Knowing your rights: Applying daily interest & compensation can act as a useful deterrent to repeat offenders

When an SME is looking to recover debt, daily interest can accrue for each day your invoice remains outstanding along with a compensation fee – without getting lawyers involved.  Acting out of a matter of principle, it is an effective way to successfully manage your business cash flow.

The interest rate is calculated by taking the Bank of England’s base rate (currently 0.5%) and having the option to add up to 8%. Therefore, a maximum annualised interest charge of 8.5% can accrue until a bill is fully settled. On top of this, a one off compensation fee can be added of:

  • £40 (if debt is less than £1,000)
  • £70 (if debt is between £1,000 – £10,000)
  • £100 (if debt is more than £10,000)

What’s more, this is statutory, meaning that you don’t need to go to the courts to obtain consent to charge daily interest and compensation.  Your entitlement to do this is all laid out in the Late Payment of Commercial Debt (Interest) Act 1998.

For Example…

If a debtor owes you £8,000 and is 100 days late in paying their invoice, it works out that you are legally entitled to charge £187.55 in additional interest fees. Adding a compensation fee of £70 results in a recoverable sum of £262.55 owed – on top of the £8,000 invoice amount.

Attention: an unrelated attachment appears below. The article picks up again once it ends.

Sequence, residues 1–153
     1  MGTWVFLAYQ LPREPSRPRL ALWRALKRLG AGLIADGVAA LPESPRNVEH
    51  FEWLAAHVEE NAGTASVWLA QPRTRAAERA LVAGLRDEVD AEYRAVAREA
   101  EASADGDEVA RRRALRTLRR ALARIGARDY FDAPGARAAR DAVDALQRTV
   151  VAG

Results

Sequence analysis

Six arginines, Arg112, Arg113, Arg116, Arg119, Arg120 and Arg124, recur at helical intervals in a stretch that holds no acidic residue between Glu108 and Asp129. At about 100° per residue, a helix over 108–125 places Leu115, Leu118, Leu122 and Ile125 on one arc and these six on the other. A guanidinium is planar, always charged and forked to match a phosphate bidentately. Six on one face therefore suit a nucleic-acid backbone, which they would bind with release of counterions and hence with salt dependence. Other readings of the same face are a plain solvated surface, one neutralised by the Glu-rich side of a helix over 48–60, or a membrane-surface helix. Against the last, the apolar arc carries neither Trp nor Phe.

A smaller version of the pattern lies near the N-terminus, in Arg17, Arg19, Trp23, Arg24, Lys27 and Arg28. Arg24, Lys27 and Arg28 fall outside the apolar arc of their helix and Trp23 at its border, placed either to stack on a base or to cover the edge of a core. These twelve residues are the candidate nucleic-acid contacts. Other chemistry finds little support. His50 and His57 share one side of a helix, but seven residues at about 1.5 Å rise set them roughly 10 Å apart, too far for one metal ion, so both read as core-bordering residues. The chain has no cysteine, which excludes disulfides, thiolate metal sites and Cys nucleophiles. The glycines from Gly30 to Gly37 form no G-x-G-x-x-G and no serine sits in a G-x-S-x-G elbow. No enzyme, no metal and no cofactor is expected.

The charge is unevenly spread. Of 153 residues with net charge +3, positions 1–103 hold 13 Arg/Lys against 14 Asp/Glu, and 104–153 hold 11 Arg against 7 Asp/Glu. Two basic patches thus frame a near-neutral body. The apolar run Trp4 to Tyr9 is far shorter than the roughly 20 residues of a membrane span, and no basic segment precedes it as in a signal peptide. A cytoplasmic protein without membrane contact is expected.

Charging late payment interest will not only improve your cash flow, but act as a vital weapon in your armoury to make crystal clear to suppliers to avoid being late on payments in the future.  If the situation arises where the debtor refuses to pay or disputes an invoice, you can pursue the claim through the courts if this is felt necessary. Often, just by mentioning court action via a Letter Before Action can trigger the desired outcome of your debtor settling the invoice AND paying the daily interest/compensation.  Job done.

What you need to know….

  • Late payment interest can only be charged if: the debt was incurred in the supply of goods and services; your debtor bought from you for business purposes; the debts are not consumer credit agreements; there are no other types of late payment interest in your terms and conditions.
  • Where both parties have not agreed a payment period for invoices, a 30-day rule (after you have delivered the goods or sent the invoice) is applied before daily interest can begin to be charged. Where both parties have agreed a time limit to pay invoices daily interest can also begin to accrue on the first day after this has exceeded.
  • You do not need to notify a customer in advance about a decision to charge late payment interest and it does not need to be contractually stated, but it is best practice to do so.
  • Don’t add the daily interest rates to the invoice – notify your customer by writing to them about this instead, or better still let our legal team do it for you.
  • You have a six year window to claim statutory interest for late payment (5 years in Scotland). It can also be applied in retrospect, meaning if you receive payment for an invoice but it is one year late, you can still pursue daily interest payment for that full year as a matter of principle.

Article by Debt Guard

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